Name Calling, Insults and Teasing

A Guide To Anger, Conflict and Respect

Archive for the category “social intelligence”

My Answer to the Question, Are People Who Cry When Criticized Immature?

cryingRecently, I wrote a post titled, “Responding to Criticism by Crying: Is it a Sign of Immaturity?”  In that post I explained that I had, in earlier posts, put forth a model of how to respond maturely to criticism. To help readers to rate their own skill level, and that of others, I had outlined five levels of maturity. Level 1 was viewed as the most immature level, level 2 as a little more mature, and so on. Level 1 had been described as follows:

1.  This level requires displaying one or more of the following:

  • Weeps or sobs with tears or pouts
  • Physically attacks the criticizer
  • Damages property

crying manAs you can see from this description of level 1, I had come to believe that weeping or sobbing with tears was best to view as one of the most immature responses.  I then explained several reasons why I had come to believe that, but I won’t repeat them here. I then wrote that since I came up with the five levels of maturity, I had met some individuals who seem rather remarkably mature to me in many ways, and yet they had revealed to me that they find themselves crying quite often when they are criticized.  They say that they are very sensitive individuals, that they don’t hurt anyone or anything when they go through this experience, and that I should consider removing crying from the description of the lowest level. As I thought about this, I thought it would help me if I propose a change to my readers, ask for feedback, and only then make my decision whether or not to make the change.  I ended that post as follows:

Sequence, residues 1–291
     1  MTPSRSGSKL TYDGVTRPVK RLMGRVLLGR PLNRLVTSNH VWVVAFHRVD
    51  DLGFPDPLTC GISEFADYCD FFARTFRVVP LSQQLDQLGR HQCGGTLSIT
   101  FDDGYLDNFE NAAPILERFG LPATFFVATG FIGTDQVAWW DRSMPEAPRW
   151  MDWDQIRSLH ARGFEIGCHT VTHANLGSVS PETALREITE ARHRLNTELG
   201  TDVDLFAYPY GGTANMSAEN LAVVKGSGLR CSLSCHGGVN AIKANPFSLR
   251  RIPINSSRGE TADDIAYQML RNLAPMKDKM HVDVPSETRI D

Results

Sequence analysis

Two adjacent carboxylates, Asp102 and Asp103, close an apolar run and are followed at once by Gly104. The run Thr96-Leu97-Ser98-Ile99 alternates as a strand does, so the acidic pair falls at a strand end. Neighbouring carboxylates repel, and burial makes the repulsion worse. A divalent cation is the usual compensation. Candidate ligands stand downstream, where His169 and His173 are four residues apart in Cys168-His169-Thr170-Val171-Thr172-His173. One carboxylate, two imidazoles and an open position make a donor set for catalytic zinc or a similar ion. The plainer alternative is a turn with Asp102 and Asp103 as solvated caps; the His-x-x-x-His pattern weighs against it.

Proposed Change

crying 5Weeping, sobbing and crying will only be viewed as the lowest level of maturity if the person responding to criticism does nothing else but that, or if he or she does that along with the other lowest level responses such as physically attacking the criticizer or damaging property.  If, after crying, he or she then begins to display responses consistent with level 4 or 5, crying will no longer be viewed as a sign of immaturity.

Although I could make this change after I get some feedback, I hasten to point out that it won’t change the fact that many people will still consider crying in the face of criticism as a sign of immaturity.  Some will lose respect for those who cry.

Perhaps these sensitive individuals can help to reduce the lack of respect that they might encounter.  They can explain that their sensitivity helps them to more deeply consider the criticism.   Moreover, they might suggest that for people who feel uncomfortable around someone crying, they can provide the criticism at first by email, snail mail or voice mail.  This will allow the sensitive person time to process the criticism. Then, a follow-up meeting to further process the criticism can be arranged.

I hope to hear from readers on this.

After I published this, I received more feedback on this post than anything I had previously written.  It came mostly from several Facebook groups I belong to, but also from a couple of professional organizations as well.  Today I’d like to share with you several of these comments, and then provide my new description of level 1.

The Feedback